Scott Tingle’s (TEP ’15) decorated U.S. Navy and aeronautical engineering career culminated in an offer in 2009 to take command of the Navy’s largest test squadron on the East Coast — an enormous honor under any circumstance.
Tingle turned the post down, however, as the veteran test pilot was unexpectedly offered an arguably rarer and equally sought-after position the same week: The offer to be one of 14 members of the 20th NASA astronaut class.
“Taking command of a navy squadron was becoming a life-defining goal for me at the time, so it was truly a crossroads,” Tingle said. “But I knew what the answer was going to be. I knew I couldn’t turn this down.”
So began what would be a years-long training program to prepare Tingle for missions on the International Space Station (ISS), with intensive technical courses on the space station’s unique systems and space training involving spacewalks, robotics, and physiological and foreign language training.
The years of tests and training are scheduled to culminate in December 2017, when Tingle will serve as a flight engineer on the International Space Station for a mission currently scheduled to take about five months.
In the midst of his intensive NASA training, Tingle took it upon himself to burnish his leadership skills by pursuing a different kind of training, enrolling in The Executive Program at the University of Virginia Darden School of Business, the three-week flagship leadership program offered by Darden Executive Education.
Tingle said the program was his attempt at stepping back from the technical rigor at NASA and focusing on additional areas of professional leadership development.
“I just felt like I needed to reinvigorate and reinforce a lot of what I learned practically when I was in the Navy, and I saw what was happening at Darden,” Tingle said.
At Darden, Tingle said he learned the hard facts of business that he had not specialized in as an engineer, becoming expert in economics, budgets and spreadsheets, but also found particular value in the decision-making and leadership philosophy lessons brought out by case discussions.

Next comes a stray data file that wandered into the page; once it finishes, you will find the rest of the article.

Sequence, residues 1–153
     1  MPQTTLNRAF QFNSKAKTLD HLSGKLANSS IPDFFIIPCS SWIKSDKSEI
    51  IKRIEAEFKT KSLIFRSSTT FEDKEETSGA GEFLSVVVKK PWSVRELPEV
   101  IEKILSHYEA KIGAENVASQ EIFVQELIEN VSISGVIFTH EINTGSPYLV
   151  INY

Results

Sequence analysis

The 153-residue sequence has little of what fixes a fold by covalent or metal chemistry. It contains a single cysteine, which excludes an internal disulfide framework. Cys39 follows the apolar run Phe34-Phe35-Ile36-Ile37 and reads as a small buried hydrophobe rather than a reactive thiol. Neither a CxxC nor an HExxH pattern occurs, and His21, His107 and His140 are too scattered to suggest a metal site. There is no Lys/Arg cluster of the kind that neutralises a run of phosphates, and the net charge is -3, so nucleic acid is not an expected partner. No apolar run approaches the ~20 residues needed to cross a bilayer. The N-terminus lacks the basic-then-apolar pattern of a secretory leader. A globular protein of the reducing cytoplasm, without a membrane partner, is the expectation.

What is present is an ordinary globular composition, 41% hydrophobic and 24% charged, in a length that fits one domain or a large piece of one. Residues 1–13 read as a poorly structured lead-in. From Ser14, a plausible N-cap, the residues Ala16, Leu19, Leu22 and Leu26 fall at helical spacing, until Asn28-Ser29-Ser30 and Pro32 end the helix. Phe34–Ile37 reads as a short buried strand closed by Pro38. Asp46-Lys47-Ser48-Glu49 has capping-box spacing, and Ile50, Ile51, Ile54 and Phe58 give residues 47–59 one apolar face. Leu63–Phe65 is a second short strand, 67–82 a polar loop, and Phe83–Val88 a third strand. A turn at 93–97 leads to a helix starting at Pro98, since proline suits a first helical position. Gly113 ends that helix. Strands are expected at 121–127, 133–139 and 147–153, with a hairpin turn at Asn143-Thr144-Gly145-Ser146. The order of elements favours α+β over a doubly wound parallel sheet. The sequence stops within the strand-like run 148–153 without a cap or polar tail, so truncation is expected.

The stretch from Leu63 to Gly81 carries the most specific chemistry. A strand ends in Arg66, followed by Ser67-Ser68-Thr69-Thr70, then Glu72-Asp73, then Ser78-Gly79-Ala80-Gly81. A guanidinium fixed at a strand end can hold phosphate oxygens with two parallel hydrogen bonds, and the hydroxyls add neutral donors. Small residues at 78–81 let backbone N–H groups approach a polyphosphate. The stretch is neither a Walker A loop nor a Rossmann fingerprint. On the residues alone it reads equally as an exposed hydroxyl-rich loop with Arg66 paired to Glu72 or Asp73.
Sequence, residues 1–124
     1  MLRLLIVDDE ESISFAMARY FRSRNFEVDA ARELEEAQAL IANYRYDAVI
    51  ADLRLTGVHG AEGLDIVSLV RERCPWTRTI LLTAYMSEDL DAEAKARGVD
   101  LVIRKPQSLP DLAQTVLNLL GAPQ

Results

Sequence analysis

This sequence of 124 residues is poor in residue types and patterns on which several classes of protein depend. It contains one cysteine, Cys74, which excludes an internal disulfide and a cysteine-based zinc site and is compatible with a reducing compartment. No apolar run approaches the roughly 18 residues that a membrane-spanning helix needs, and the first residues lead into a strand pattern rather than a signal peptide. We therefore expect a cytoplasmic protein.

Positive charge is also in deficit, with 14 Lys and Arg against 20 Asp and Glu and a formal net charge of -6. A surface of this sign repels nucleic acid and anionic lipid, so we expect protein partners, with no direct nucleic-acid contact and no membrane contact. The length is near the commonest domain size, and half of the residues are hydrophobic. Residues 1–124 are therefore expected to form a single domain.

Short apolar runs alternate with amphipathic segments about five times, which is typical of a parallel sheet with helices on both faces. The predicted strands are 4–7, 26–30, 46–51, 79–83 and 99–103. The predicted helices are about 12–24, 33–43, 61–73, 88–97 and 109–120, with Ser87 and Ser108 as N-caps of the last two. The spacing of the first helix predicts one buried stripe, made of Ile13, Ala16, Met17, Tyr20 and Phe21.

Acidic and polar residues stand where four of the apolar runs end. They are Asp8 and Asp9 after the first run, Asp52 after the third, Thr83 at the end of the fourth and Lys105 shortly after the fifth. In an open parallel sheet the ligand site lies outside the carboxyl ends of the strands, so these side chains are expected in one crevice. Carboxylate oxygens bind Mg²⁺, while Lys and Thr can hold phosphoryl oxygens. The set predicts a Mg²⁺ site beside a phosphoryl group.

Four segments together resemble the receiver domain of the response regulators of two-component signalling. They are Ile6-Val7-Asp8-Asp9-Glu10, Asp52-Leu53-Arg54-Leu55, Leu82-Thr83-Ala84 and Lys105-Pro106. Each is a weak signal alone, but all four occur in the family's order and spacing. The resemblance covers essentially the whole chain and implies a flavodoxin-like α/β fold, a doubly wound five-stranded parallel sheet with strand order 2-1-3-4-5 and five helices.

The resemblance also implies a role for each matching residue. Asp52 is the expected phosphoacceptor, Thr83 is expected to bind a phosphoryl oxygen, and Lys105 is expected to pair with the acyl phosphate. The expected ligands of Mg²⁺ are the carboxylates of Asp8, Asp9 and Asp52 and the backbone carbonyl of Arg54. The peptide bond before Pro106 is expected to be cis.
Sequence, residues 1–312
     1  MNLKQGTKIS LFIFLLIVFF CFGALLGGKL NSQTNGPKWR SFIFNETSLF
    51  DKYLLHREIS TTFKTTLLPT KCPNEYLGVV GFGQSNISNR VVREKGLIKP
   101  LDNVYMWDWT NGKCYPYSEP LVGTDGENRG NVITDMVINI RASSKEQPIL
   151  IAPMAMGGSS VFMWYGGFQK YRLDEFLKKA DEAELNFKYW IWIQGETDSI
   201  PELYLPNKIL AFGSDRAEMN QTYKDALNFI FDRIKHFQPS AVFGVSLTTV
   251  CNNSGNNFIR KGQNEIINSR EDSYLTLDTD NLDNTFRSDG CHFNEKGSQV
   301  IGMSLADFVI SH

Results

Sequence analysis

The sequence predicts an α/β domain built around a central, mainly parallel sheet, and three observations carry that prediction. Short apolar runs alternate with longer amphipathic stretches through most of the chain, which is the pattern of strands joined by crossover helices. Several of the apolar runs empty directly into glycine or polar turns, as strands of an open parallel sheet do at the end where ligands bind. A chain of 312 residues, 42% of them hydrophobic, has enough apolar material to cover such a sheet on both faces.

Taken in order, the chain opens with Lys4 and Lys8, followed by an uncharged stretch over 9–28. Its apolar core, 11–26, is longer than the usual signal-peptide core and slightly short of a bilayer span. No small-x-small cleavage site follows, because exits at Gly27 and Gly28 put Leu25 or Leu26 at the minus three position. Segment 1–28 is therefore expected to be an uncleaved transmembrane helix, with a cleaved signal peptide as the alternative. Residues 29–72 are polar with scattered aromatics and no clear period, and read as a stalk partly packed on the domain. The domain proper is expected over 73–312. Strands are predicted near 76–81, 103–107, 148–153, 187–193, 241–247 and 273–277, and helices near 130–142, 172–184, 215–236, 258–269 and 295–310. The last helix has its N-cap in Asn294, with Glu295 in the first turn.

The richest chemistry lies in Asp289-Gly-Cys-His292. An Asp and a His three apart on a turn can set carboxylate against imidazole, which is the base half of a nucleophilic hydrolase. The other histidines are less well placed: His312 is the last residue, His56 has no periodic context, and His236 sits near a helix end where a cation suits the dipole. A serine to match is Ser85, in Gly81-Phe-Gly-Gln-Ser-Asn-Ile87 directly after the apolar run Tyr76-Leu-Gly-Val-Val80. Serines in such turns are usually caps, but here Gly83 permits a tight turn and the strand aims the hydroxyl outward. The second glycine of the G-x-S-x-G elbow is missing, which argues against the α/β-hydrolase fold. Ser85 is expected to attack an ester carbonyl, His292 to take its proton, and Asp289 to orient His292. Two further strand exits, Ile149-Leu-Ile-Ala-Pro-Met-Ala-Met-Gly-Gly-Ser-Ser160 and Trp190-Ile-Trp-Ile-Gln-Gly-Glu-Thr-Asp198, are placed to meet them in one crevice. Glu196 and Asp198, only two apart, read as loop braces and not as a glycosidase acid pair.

“There was a lot of the human aspect of what it takes to lead people,” Tingle said. “It reaffirmed a lot of what I learned in the Navy, but it also expanded on it.”
Tingle said he learned new ways to think about his own “core values,” while also fully considering the values of others, recognizing the differing perspectives each member of a team brings to a task. The astronaut said it remained to be seen whether he was a better leader, but he unequivocally felt like a more confident leader.
“Emotional IQ is a lifelong battle that we all have struggles with, and we all try to make as high as possible, but knowing and reaffirming a lot of the leadership tactics and technique really brought all of that into perspective so that when you see a situation happening, you’re not getting too worried about it,” Tingle said. “You think, I’ve seen that before, I’ve studied it and we can handle it. We’re just going to have to work through it.”
Tingle said he has kept up with the classmates in his TEP program, a diverse group from around the globe.
“People say ‘network’ and sometimes you roll your eyes and think it’s a way for people to make more money and sell more products, but with this group, the network for me is just lifelong relationships,” Tingle said. “If you went down through the class and saw all the neat things people were doing, you’d say, ‘holy cow, these people are really excelling and they are really progressing as great leaders.’ Just being part of that group is such an honor.”
Tingle, who will be working alongside astronauts from Russia, Japan and European countries during his time at the ISS, said the work pertaining to the space station represented true global cooperation among groups with vastly different worldviews. Even during what may seem like a historic ebb in relations between the U.S. and Russia, for instance, Tingle said the environment as it pertains to the ISS is one of positivity and teamwork, with astronauts from each country growing close both personally and professionally.
“It’s very eye watering when you see the system working,” Tingle said. “When I go out to [Russian Cosmonaut Training Center] Star City, they treat me like I’m one of theirs, and it’s very humbling. And when they come out here, we treat them like they are one of ours.”
Asked if he had a prepared answer for all of the young people who will want to know how to become an astronaut, Tingle said his advice was simple: “Do your homework, and be prepared to work really hard.”
This story was originally published on the Darden website under News & Events.